Lanza: THIS TIME we REALLY Did It
Last year, Robert Lanza of Advanced Cell Technology, claimed to have derived human embryonic stem cells without destroying embryos. That report turned out to be, shall we say, exaggerated. In fact, ACT's researchers had destroyed all the embryos they worked on.
Now, Lanza has announced that they really, really did do it. An article published in the on-line ScienceNOW Daily News (subscription required), reports that Lanza told a stem cell conference in Australia that the researchers at ACT removed one cell from an embryo, kept the embryo in close proximity to the cell, which stimulated the removed cell to continue to divide as a stem cell line, and then returned the embryo "safely to the freezer."
Whenever ACT makes a big announcement of this kind, it is always prudent to be skeptical. But given the bright red faces caused by its previous exaggerated claims, I think we can probably assume that Lanza and his team did accomplish the feat. How practical it would be is another matter.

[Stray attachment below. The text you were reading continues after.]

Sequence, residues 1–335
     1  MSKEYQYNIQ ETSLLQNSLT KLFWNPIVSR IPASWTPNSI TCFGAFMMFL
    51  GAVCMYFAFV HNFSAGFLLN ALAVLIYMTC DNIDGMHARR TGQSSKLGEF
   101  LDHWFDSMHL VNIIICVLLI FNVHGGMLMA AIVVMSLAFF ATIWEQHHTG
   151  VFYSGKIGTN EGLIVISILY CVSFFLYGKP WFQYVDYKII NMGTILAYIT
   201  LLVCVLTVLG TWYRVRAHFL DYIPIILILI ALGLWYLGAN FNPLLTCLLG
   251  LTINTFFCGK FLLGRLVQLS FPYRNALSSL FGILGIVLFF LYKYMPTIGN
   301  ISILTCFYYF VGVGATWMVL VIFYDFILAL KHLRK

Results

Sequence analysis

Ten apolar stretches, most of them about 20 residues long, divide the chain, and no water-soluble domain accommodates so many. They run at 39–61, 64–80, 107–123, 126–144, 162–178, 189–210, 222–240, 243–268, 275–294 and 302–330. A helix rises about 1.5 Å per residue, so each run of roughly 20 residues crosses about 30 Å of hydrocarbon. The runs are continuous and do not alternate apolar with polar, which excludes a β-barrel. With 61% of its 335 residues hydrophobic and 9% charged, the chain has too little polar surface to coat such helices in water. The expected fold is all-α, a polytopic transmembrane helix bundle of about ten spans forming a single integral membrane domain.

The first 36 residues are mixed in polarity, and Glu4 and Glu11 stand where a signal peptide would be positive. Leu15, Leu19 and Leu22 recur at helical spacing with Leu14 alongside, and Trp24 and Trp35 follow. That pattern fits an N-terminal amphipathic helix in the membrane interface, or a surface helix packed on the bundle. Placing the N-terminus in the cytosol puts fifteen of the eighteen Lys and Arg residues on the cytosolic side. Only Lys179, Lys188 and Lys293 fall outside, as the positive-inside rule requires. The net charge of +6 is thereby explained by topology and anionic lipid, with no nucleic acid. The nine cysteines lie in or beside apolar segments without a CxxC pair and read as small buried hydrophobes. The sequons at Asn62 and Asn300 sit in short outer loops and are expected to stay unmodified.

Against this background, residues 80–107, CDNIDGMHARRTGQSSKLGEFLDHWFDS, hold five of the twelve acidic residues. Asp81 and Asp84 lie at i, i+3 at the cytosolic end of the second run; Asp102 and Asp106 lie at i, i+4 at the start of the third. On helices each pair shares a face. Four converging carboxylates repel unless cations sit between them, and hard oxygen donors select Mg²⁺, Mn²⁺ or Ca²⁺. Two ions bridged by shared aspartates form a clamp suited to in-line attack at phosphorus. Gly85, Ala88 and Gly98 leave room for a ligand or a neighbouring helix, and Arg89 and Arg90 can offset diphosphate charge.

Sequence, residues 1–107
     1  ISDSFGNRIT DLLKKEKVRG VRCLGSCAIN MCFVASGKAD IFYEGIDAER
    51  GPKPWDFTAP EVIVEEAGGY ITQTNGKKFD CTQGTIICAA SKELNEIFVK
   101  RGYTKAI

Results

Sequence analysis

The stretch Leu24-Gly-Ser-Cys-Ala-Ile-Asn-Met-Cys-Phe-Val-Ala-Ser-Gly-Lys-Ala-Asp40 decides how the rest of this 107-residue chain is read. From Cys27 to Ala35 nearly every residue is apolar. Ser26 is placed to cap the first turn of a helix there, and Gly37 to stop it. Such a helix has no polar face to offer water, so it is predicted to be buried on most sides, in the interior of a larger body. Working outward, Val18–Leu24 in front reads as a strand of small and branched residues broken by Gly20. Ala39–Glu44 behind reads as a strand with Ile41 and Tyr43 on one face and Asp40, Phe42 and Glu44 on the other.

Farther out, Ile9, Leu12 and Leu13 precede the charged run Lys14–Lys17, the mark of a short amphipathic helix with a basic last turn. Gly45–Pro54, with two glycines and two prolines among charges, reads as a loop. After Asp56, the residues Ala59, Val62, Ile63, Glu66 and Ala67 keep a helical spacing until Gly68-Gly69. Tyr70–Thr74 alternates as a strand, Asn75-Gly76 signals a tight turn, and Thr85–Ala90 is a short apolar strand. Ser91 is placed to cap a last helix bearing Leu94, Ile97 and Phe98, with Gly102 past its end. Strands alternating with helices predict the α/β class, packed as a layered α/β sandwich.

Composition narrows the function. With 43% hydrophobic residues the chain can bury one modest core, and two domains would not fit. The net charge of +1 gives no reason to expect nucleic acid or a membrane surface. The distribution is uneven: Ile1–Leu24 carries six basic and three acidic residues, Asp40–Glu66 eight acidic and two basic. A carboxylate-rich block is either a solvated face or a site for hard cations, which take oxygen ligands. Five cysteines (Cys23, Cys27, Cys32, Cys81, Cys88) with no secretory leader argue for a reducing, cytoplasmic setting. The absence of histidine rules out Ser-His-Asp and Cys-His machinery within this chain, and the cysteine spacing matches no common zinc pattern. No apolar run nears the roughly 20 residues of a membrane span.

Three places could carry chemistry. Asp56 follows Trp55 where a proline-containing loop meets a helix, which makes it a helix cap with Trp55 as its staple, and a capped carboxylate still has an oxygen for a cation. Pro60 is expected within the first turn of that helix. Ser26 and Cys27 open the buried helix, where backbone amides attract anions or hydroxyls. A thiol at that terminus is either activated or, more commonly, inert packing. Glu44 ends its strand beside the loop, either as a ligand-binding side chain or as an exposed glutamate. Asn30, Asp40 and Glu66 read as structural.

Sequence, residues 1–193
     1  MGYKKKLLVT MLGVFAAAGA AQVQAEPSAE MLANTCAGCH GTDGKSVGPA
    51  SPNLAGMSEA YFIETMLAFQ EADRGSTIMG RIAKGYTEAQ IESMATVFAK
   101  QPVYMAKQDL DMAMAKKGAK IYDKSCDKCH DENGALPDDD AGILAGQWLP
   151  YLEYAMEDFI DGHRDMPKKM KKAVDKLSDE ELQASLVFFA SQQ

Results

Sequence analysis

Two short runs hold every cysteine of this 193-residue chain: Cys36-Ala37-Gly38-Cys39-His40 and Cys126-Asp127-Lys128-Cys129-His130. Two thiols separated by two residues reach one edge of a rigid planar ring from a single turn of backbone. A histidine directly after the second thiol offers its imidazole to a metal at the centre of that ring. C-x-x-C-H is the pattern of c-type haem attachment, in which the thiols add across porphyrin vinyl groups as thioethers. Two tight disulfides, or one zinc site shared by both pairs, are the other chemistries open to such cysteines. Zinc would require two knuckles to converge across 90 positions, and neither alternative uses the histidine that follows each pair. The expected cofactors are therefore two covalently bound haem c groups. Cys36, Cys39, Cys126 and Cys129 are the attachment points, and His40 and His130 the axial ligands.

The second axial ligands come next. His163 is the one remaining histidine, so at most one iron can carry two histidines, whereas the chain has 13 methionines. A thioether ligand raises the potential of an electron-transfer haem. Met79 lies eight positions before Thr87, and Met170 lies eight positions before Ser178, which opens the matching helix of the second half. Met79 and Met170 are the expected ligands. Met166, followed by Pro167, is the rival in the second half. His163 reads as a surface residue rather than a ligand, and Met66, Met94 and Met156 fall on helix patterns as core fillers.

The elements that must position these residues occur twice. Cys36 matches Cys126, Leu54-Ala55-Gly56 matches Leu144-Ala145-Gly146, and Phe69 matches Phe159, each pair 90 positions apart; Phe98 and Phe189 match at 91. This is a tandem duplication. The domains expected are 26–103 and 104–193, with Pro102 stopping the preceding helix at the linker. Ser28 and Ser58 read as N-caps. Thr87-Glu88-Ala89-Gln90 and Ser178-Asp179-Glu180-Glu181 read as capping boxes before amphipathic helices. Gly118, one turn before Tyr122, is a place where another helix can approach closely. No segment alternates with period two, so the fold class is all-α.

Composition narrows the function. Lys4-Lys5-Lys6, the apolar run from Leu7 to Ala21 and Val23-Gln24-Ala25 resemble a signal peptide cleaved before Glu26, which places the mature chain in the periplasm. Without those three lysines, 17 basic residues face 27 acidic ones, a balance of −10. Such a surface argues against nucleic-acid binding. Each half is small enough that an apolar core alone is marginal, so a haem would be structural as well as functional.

But this is the gist of the story--as it always seems to be whenever ACT makes a big announcement:
Lanza is now waiting on the findings of a legal review within NIH to determine whether the technique will get around the current federal funding ban on stem cell research. Lanza has also submitted a grant proposal to test his cell lines alongside two other types of stem cells that are also considered "ethically acceptable." Among other things, the work would compare the ability of the cells to give rise to different tissues or tumors.Yes. It is always about the money.
By the way, I assume SHSers caught the reporter's (what I assume to be an) inadvertent error: There is no "federal funding ban on stem cell research." Indeed, the NIH puts out about $40 million per year on human ESCR. What Bush does not permit is the Feds to fund research on ES cell lines created after August 9, 2001.
Back to ACT and its desire for grant money: Since, the Bush decision was based on the government not funding embryo destruction--either explicitly or in anticipation of future federal grants--ACT might well qualify for an NIH grant, assuming, of course, that Lanza did what he said. But merely having created a stem cell line would not be enough. The application would otherwise have to be deemed worthy of funding. And there could still be other ethical issues to consider since the President's Council on Bioethics looked with disfavor on this approach.
Oh well: Time will tell. In any event, it is fascinating how creative scientists have been in finding alternatives to destructive embryonic stem cell research--thanks to President Bush. Ain't it amazing what the power of money will do?